Saturday, May 23, 2015

Why does Jesus call Peter "Simon, son of John"? (John 21:15-19)

In a recent Bible study of John 21, somebody asked, "Why did Jesus refer to Peter as 'Simon, son of John'?" At first I couldn't remember having thought about that ever before, but did think it was a good question. The expression is repeated three times here, and seems emphatic. All the more so when it is realized that nowhere else is Peter referred to by that name, except one only other place, in John 1:42. What does the apostle John want us to understand?

As he concludes his book, I think John wants to also take us back to the beginning, where he first introduces us to Simon, when Jesus re-names him as "Peter", and when Jesus calls Peter to "Follow me" (also repeated in John 21:19). Peter has always been quick to profess his allegiance to Christ and commitment to follow him, and now, after Peter has recently denied Jesus three times, Christ is all at once restoring, re-affirming and preparing Peter, as he faces the difficult road of apostleship ahead. Where does the Simon Peter we met at the beginning of the Gospel end up?

The miracle of the 153 fish prepares the way for Jesus' questions to Simon Peter (and although John doesn't repeat it, Peter surely remembered the incidence recorded in Luke 5:1-11). The disciples are so astounded and excited about the large catch, they counted each one to find out exactly how many there were (and probably as professional fisherman it would not be unusual to count the day's "takings"). And Jesus asks Simon Peter, "Simon, son of John, do you love me more than these?" Jesus is asking Peter, "Who do you want to be more? Simon, son of John, the fisherman I met those years ago, or Simon Peter, the apostle of Jesus, the follow of the Christ, ready to take up your cross and deny yourself?" Jesus knew what people are like (John 2:25), many just like all the free food or other benefits (cf John 6:26), and some prefer the honours of other people (cf John 5:44). In all that Peter has been through with Jesus, what does he really want? Does he really want to follow Jesus, even if it means laying down his life for Jesus' sake (cf John 13:36-38)?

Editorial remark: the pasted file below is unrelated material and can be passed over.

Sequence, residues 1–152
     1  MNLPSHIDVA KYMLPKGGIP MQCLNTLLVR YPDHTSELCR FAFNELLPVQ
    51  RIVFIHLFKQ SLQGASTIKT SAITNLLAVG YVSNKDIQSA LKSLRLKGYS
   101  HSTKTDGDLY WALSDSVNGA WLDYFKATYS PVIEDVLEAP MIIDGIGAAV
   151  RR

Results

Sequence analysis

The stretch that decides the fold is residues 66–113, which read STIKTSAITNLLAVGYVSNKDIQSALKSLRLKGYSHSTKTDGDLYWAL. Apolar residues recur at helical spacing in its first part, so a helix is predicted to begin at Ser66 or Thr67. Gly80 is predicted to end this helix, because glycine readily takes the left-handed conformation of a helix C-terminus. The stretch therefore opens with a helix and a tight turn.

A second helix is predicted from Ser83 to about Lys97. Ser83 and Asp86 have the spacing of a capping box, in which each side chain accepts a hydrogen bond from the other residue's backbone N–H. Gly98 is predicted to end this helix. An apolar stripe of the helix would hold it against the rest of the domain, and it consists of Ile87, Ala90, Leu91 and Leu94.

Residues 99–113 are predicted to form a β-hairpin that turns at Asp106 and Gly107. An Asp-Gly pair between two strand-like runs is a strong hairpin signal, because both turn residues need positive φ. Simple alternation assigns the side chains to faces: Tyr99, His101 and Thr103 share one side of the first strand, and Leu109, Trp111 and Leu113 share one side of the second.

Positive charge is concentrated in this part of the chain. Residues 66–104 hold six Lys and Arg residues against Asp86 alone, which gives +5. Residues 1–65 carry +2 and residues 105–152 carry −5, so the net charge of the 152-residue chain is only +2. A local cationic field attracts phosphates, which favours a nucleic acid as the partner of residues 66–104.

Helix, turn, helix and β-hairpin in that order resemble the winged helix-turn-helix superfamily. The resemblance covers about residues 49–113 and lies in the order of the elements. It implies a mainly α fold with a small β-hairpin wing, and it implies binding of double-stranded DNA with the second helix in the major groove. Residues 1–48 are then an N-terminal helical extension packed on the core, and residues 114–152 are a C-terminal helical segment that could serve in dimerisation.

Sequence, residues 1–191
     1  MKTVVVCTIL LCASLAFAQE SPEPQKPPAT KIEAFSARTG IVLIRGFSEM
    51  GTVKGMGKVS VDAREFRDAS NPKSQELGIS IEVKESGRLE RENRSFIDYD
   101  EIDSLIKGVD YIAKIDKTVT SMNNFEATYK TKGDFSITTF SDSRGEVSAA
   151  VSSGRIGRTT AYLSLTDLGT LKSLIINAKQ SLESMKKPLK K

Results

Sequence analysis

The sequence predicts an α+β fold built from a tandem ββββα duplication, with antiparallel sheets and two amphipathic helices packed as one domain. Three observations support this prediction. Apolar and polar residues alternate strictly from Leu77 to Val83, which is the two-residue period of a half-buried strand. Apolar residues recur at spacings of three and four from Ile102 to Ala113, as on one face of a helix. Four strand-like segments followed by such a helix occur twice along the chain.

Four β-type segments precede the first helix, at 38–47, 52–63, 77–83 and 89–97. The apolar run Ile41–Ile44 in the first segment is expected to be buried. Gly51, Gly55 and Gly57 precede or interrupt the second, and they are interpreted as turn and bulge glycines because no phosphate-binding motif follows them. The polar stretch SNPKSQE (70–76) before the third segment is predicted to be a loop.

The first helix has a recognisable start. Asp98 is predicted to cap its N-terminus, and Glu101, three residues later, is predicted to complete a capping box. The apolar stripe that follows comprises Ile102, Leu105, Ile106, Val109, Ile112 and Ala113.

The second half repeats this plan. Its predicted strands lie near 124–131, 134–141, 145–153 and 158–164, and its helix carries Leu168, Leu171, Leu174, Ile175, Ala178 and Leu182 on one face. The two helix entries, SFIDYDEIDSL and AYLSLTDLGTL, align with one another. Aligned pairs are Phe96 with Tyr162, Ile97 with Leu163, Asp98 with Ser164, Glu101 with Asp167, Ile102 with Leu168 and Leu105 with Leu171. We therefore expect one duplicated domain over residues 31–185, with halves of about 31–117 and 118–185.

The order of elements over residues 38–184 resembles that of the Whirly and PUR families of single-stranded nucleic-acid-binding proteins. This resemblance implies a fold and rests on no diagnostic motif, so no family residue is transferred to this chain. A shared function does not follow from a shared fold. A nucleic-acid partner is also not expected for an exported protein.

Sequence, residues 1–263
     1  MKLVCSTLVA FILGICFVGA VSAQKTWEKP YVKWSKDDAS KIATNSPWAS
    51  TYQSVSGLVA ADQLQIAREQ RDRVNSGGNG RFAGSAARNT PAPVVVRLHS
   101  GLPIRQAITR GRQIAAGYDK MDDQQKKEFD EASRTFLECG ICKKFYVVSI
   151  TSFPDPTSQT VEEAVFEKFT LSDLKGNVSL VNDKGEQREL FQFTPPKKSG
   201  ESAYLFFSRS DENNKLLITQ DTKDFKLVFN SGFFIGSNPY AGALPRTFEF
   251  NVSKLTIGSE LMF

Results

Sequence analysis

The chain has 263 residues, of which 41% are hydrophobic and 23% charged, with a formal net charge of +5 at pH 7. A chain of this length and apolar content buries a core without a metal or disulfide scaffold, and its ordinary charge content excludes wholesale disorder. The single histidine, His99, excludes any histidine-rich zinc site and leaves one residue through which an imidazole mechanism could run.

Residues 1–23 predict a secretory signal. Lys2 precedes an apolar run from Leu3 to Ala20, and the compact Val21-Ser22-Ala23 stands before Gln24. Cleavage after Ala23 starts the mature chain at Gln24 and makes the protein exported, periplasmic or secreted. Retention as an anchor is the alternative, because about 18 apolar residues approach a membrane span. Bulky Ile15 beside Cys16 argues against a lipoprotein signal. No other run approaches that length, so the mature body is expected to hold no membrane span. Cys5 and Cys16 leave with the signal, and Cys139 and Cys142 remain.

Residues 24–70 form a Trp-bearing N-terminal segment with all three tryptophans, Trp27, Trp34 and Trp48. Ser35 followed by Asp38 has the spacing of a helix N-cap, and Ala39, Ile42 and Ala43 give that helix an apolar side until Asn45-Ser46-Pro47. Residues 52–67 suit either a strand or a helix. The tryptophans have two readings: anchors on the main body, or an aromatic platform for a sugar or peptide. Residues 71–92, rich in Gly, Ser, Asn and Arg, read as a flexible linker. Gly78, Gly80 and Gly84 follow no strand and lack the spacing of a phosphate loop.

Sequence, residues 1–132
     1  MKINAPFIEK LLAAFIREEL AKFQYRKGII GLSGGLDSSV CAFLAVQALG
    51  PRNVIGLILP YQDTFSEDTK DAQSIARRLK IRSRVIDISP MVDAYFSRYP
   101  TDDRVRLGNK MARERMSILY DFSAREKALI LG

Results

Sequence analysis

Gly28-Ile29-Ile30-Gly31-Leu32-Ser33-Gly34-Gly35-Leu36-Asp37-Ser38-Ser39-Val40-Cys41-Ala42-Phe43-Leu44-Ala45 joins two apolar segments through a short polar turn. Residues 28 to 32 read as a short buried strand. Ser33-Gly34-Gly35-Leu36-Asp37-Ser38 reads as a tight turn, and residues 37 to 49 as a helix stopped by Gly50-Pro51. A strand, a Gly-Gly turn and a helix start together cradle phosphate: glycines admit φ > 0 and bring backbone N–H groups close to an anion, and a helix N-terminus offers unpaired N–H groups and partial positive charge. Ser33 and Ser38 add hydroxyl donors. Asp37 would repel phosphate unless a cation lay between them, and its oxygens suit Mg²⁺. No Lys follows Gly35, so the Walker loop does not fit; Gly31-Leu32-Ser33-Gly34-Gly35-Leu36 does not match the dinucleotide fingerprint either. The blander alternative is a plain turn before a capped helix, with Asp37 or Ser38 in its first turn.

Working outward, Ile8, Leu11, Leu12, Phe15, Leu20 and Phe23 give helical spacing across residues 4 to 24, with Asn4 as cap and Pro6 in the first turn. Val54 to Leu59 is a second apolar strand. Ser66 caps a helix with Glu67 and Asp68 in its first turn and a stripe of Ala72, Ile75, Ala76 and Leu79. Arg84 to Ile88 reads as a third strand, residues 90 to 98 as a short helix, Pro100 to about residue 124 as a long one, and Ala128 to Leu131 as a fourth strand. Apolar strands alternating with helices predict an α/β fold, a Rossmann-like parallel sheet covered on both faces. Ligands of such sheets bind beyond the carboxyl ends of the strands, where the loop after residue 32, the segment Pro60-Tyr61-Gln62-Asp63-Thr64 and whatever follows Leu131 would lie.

And as John leads us through Peter's story, he wants to ask us the same question: "Do you love Jesus more than these? Will you follow him?" And he hopes that we will answer the same way as Peter!

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